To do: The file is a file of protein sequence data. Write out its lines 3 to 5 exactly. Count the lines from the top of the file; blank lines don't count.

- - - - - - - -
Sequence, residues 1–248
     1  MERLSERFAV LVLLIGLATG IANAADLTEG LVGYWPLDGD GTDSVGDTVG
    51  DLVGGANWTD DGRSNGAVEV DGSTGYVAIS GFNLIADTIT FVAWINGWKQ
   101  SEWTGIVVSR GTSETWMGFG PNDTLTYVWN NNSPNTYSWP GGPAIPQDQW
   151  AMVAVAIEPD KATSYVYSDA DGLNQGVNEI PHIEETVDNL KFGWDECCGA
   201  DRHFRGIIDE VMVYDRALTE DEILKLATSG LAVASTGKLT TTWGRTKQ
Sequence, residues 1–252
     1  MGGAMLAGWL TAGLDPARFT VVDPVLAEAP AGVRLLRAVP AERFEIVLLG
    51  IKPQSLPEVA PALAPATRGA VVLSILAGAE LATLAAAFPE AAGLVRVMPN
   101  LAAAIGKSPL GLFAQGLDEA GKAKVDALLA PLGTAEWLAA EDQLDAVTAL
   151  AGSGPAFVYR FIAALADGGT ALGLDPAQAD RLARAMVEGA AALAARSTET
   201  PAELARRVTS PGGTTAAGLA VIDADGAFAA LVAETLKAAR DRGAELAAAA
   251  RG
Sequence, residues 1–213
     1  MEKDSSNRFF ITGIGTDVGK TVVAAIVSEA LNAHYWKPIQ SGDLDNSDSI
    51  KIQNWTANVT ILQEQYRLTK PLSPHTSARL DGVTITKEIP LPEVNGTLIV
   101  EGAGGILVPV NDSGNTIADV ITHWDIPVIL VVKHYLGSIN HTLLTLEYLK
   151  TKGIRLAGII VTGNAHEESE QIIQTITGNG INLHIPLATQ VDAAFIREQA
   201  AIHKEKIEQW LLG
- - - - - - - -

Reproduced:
    51  DLVGGANWTD DGRSNGAVEV DGSTGYVAIS GFNLIADTIT FVAWINGWKQ
   101  SEWTGIVVSR GTSETWMGFG PNDTLTYVWN NNSPNTYSWP GGPAIPQDQW
   151  AMVAVAIEPD KATSYVYSDA DGLNQGVNEI PHIEETVDNL KFGWDECCGA